11 East Broadway, P.O. Box 190
Red Lion, PA 17356

Red Lion, Pennsylvania

(717) 244-3475

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Red Lion Ambulance History

The Red Lion Area Ambulance Association (RLAAA) is a non-profit service that relies on community support.  The all-volunteer board of directors, which oversees the organization, is proud to share the following history, current status and vision for the future.

In the Fall of 1974, Red Lion Ambulance Club (the original name) was organized and officially began operations on January 1, 1975.

Two ambulances and all related equipment were donated by the late Henry Burg and the late Jim Heffner, the then owners of the two funeral homes in Red Lion.

About $36,000 of capital donations was raised as seed money for the new organization.  By comparison, that would be equal to about $174,000 today!

With debt free equipment and a nest egg of capital, the Red Lion Area Ambulance Association began with 55 volunteers providing service to the greater Red Lion area community.

The late Miles E. Lloyd, Jr. served as Director of Operations.  It was Miles Lloyd who had the vision for what became RLAAA.  Considered the founder of RLAAA, it was his knowledge and his passion for emergency care that were key factors in successfully launching the non-profit Red Lion Ambulance Club.

1990 became decade of transition beginning with the February 1990 passing of Miles Lloyd.

1995 was a milestone year in the history of RLAAA.  The overall dynamics of Emergency Medical Services (EMS) was changing including added training requirements and increased call volume.  These operational pressures resulted in the following:

March 1995, RLAAA hired its first PAID Emergency Medical Technician (EMT), creating an operation that had a blend of volunteers and paid personnel.  Three months later…

June 1995, outgrowing the North Charles Street location, RLAAA purchased property at 312 Horace Mann Avenue.  Two years later…

June 1997, was ground breaking and December 26, 1997, operations began from the new facility.

June 1999, Ron Harlacker was hired fulltime as Director of Operations.  Ron had been affiliated with RLAAA since 1982.

Now fast forward to 2013 and realities observed or experienced.

2013, August 8th local newspapers:  WellSpan’s York Hospital announces it will discontinue ambulance, paramedic and emergency medical technician services to the community.  The health-care provider had been leasing EMT’s for basic life support services and paramedics for Advanced Life Support (ALS) to various ambulance companies in the area.  Letters were mailed to ambulance companies advising that service could be discontinued in 90 to 120 days.

This news was the catalyst that resulted in RLAAA and a few other organizations to begin considering possible affiliations in order to get to the critical call volume needed to support ALS staff that would no longer be subsidized by York Hospital.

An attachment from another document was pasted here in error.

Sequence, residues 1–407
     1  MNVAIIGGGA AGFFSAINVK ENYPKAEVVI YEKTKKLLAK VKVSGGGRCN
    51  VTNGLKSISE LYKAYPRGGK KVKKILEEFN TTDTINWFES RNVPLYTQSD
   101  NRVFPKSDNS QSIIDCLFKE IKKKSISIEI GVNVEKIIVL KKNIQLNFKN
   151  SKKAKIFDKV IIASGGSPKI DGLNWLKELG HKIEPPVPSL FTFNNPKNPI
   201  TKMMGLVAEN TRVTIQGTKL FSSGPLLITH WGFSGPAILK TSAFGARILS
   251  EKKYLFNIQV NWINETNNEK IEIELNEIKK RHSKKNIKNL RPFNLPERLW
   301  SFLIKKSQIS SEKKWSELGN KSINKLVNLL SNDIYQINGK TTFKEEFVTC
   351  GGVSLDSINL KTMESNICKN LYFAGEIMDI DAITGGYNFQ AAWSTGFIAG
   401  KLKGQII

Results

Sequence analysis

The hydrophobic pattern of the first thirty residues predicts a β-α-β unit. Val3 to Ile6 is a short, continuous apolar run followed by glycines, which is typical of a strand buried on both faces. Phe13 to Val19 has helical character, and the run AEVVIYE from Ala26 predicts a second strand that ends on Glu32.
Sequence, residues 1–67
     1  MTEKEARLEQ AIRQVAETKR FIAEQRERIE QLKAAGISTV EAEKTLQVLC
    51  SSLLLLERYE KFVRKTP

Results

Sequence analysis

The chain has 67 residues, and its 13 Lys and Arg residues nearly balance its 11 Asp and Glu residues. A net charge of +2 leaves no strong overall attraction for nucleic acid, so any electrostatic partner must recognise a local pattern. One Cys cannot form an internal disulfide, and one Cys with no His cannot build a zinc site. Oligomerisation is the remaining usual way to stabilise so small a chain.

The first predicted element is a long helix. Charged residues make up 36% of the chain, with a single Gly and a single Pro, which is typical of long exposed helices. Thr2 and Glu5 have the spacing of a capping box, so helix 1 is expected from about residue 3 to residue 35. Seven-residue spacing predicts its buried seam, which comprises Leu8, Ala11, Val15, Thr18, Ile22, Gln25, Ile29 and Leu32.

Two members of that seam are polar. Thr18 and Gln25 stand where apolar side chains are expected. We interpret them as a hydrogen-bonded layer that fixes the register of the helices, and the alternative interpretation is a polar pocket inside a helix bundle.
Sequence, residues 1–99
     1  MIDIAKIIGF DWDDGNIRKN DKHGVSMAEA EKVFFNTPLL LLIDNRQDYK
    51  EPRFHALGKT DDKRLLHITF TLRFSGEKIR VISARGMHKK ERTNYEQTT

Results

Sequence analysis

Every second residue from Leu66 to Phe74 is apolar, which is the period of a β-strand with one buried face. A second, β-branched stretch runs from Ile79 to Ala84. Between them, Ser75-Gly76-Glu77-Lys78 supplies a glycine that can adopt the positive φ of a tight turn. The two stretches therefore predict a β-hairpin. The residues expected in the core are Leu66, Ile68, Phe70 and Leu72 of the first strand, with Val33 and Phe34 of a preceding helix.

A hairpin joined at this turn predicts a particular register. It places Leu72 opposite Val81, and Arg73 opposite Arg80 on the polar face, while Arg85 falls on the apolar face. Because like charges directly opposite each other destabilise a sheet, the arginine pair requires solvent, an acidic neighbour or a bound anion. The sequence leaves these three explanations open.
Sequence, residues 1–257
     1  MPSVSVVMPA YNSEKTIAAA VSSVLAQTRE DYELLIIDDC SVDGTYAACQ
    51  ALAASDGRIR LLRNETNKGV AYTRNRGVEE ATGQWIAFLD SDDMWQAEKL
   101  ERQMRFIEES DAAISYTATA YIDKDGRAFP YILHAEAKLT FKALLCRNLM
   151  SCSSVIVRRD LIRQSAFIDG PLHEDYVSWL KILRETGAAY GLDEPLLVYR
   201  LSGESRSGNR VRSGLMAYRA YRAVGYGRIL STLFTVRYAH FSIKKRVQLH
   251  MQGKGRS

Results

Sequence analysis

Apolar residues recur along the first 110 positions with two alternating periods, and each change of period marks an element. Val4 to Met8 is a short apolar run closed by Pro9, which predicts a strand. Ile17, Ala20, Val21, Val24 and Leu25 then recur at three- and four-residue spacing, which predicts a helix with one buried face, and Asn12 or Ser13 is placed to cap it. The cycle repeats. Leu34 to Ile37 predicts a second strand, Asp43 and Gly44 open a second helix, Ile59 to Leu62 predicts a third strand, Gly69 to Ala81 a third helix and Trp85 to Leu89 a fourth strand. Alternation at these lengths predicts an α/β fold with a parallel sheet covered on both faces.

2013 December 9th NBC NEWS:  A six state ambulance organization shuts down without warning filing bankruptcy, locking out 2300 professionals and discontinuing service for 500,000 annual calls.  Big isn’t necessarily better.

2013 December 28thRLAAA had its first exploratory discussion with another EMS organization on possible options.

2014 June, credit facilities were established that could potentially enable RLAAA to expand from 1,500 to 44,000 calls and acquiring the necessary infrastructure to support this size of organization.

2015 April 2nd:  Another Ambulance Organization apparently fell into the financial abyss.  Ron received notice for a “receiver’s auction” offering 70 ambulances plus lots of other equipment.  Again, Big isn’t necessarily better.

Since August 2013, much has been accomplished by the Board of Directors

Numerous options were explored with a variety of other ambulance organizations, all of which enabled the board to determine what might constitute a viable affiliate organization and more importantly, what would NOT be viable or rational for consideration.

April 7, 2015, having considered economic realities, federal and state operational pressures not in the control of RLAAA and numerous affiliation and acquisition options, the board decided to remain independent for as long as financially possible.

The board will continue to be willing to consider affiliating with select organizations that would meet the newly established profile.  However, any such affiliation may not dilute the fiscal ability of RLAAA’s mission, which is to serve the greater Red Lion community.

The by-laws of the organization were updated to include the restructuring of responsibilities, and additional prudent management policies were instituted consistent with the times and the long-term planning.

Given the current realities and clearer vision of options, immediate goals of management succession planning and fiscal positioning have been addressed.

It is the responsibility of the RLAAA Board of Directors to be as informed as possible, have a viable long-term plan for continued service to the greater Red Lion area community but to ever be mindful and respectful of those who had the vision, dedication and commitment to launch and operate the organization since January 1, 1975.

In the end, the RLAAA remains vigilantly mindful that while times change, our mission does not, and we still need community support, just as we did in the beginning.

“EMERGENCIES ARE NOT PLANNED but WE PLAN FOR THE EMERGENCY”

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